3. Place mixture into a well greased, 9inch round cake tin, which has been lined with greaseproof paper and bake for 6 and a half hours at 275°F, 140°C or Gas Mark 1.
  4. Keep the cake in a in an airtight container for 2 - 3 weeks then cover with a thick layer of almond paste.
  5. When the paste is set, cover with Royal Icing.
  6. When the icing has set, decorate as desired.


Miniature Mince Pies (makes 20)

8oz or 1 pack ready made rough puff pastry
2 cups mincemeat
Egg or milk to glaze
A little sugar

  1. Roll out the pastry and cut into 20 small and 20 large rounds.
  2. Place the small rounds on a greased baking sheet and place a teaspoonful of the mincemeat filling in each.
  3. Damp the edges of the small rounds with water or milk and cover with the larger rounds, sealing well.
  4. Brush with milk or beaten egg and sprinkle the sugar on top.
  5. Make a steam hole in the top of each pie then bake in the oven at 450°F, 230° or Gas Mark 8 for 10 - 15 minutes

Editor's Variation: Last Christmas I concocted a delightful variation on the two-crusted mince pie: mince tartlets. For this you'll need a miniature muffin pan (for 1-inch "jewel" muffins). Cut out about 20 small rounds of ordinary pie crust (packaged or homemade) for every 8 oz of mincemeat. Press these rounds into the muffin pan. Fill with mincemeat and bake at 325°F for about 15 minutes or until the edges of the pie crust turn golden brown. Top with brandied hard sauce if desired. (If you have more muffin "holes" than rounds, fill the remaining openings with a bit of water so that the pan won't burn.)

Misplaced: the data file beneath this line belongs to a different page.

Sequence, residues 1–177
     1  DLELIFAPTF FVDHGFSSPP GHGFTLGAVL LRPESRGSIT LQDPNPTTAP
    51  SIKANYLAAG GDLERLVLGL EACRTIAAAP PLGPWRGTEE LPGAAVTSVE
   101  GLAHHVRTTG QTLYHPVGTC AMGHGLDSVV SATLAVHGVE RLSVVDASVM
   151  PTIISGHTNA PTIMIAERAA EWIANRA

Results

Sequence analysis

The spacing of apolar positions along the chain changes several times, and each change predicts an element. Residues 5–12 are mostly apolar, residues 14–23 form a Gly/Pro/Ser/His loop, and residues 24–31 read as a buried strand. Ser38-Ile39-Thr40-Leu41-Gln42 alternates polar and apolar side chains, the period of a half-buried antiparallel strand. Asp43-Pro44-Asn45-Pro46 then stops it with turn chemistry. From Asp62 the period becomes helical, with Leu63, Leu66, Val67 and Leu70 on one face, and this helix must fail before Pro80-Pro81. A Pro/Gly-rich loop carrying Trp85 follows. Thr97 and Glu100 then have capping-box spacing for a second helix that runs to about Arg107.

More Information:

Christmas Food and Drink
http://www.smithsrestaurant.net

Christmas Pudding Recipe from Sussex
http://en.wikibooks.org/wiki/Transwiki:Christmas_pudding

English Christmas Foods and Customs
http://www.foodmuseum.com/christmas.html
Liscat's Old World Christmas
http://www.netcastles.org/ liscat/owxmas.html
Lots of recipes!


Dawn Copeman is a freelance writer and commercial writer who has had more than 100 articles published on travel, history, cookery, health and writing. She currently lives in Lincolnshire, where she is working on her first fiction book. She started her career as a freelance writer in 2004 and has been a contributing editor for several publications, including TimeTravel-Britain.com and Writing-World.com .
Article © 2005 Dawn Copeman
Images courtesy of BritainOnView.com